On the day we took her in to "put her down," I went back and forth, back and forth. She was doing miserably that morning but by afternoon was smiling and happy. She even got up, which she hadn't done all morning without being coaxed in a major way...and helped. It was so hard to be responsible for that kind of decision. One thing that helped was that my dad told me that when he faced this decision a couple years ago with his dog, his physician brother shared with him that people (and animals) die in phases. He said that the things I was saying about my dog described an animal that was dying, a little bit here, a little bit there. She was having some good moments, and some really, really bad moments too.

I wanted to let her die naturally. It just didn't feel right to take it into my hands. But her bad moments were clearly filled with agonizing pain. She shook and shook. The pain meds only helped so much, you know?

I ended up choosing to end it for her. I ache still about that decision. She was only 12 (however a big dog), though, and the vet was a little shy about making a definite diagnosis. However, based on the type of cancer he thought she had, there was no hope in the prognosis. It made it especially hard because he was never definite. Still, there are days now when I feel good that I didn't risk her having a terrible, terrible end.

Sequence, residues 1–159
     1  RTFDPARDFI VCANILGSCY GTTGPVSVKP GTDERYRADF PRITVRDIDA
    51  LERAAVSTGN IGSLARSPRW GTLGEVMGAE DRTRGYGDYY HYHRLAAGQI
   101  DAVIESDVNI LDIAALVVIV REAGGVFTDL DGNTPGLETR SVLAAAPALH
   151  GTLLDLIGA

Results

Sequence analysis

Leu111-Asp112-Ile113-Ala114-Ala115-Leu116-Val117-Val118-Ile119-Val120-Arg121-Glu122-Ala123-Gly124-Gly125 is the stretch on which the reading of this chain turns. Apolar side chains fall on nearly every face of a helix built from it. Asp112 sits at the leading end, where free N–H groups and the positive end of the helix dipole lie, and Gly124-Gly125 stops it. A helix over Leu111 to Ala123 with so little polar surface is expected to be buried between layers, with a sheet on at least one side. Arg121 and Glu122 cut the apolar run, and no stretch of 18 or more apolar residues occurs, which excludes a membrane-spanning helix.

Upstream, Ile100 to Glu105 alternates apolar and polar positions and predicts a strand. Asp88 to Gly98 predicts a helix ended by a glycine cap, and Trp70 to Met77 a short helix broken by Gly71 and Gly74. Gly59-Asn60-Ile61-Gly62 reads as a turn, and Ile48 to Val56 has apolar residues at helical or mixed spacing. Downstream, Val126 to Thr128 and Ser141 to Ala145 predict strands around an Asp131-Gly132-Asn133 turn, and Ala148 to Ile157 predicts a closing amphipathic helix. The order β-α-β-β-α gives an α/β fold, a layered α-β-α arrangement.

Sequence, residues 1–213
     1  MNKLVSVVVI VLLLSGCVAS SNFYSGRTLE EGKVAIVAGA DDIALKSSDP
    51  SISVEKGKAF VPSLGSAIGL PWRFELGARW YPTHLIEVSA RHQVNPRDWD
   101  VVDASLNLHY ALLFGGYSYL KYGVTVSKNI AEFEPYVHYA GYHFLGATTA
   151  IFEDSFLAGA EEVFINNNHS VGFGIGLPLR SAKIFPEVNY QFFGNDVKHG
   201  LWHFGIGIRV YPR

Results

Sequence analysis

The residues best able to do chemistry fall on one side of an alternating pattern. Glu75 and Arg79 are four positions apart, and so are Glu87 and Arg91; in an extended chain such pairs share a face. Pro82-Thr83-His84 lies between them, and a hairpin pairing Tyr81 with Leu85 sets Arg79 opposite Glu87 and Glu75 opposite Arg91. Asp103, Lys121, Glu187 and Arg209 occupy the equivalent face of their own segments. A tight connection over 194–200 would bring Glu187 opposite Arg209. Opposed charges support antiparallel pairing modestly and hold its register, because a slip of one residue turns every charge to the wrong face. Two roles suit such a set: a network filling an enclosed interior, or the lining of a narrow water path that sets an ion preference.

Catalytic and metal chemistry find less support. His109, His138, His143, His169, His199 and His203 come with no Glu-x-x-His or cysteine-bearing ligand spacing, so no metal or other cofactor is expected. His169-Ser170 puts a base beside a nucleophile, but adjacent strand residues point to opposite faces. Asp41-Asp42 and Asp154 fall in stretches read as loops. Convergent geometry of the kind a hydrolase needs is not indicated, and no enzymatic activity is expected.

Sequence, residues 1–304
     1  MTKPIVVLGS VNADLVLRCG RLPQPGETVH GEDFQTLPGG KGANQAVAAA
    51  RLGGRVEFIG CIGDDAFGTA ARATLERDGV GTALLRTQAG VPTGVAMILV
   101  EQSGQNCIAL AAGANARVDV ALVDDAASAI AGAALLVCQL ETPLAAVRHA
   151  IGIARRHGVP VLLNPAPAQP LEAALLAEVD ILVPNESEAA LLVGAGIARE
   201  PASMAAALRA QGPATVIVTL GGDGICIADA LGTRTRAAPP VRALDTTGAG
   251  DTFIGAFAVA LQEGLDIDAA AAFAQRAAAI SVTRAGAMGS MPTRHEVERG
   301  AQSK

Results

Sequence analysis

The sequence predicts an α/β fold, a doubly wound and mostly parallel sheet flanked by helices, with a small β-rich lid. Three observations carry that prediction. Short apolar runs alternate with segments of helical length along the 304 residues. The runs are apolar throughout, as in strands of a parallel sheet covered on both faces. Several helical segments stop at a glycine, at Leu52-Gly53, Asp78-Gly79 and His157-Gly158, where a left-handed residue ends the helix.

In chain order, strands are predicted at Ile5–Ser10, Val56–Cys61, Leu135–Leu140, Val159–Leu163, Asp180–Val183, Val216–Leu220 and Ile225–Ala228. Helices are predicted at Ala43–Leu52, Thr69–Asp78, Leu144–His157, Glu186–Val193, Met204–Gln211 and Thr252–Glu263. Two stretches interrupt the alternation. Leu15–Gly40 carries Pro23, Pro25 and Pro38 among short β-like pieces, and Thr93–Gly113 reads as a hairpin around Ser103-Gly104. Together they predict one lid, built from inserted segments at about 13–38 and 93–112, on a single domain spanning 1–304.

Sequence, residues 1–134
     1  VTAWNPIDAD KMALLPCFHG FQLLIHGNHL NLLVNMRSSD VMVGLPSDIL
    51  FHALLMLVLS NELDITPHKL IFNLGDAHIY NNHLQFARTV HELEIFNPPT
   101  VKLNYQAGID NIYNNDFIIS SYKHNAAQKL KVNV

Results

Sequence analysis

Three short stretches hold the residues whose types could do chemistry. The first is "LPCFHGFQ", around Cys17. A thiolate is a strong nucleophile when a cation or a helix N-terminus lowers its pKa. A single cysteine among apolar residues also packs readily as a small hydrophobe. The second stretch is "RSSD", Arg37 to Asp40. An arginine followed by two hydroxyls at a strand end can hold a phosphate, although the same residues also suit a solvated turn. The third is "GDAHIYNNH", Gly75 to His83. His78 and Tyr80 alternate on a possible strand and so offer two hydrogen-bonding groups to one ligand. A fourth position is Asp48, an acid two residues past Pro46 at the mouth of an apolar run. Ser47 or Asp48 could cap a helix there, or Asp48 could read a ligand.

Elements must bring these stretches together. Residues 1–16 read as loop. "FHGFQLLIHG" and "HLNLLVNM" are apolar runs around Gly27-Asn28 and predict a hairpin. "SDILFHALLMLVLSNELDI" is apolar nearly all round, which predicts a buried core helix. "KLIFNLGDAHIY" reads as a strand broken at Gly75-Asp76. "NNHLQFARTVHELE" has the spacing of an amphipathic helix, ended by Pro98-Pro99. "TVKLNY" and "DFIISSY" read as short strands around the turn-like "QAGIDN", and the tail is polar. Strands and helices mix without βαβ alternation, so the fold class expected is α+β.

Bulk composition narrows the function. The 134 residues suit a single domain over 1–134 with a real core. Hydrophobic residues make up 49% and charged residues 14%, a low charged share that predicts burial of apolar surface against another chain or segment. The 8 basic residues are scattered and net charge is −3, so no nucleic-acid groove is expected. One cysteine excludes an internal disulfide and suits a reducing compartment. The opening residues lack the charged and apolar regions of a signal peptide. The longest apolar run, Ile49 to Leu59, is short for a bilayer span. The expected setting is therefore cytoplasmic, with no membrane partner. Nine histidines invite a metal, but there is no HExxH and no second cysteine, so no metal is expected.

She died without pain in the afternoon with our family there. In the hour before she died, I lay down next to her and hugged and kissed her and talked to her about how much I love her. I took pictures of each of the kids with her. I cried and told her I was sorry.

Writing this now I am crying. I am crying for my sweet dog who I miss terribly...just terribly, and I am crying out of compassion for you as you face the end of your dog's life. Hugs to you.

I think I am going to go snuggle with the box that has my dog's ashes now, as strange as that sounds. Oh, lordy, how I miss her.
post #13 of 13
I'm so sorry

It sounds like you think it might be time.

Dogs don't fear death.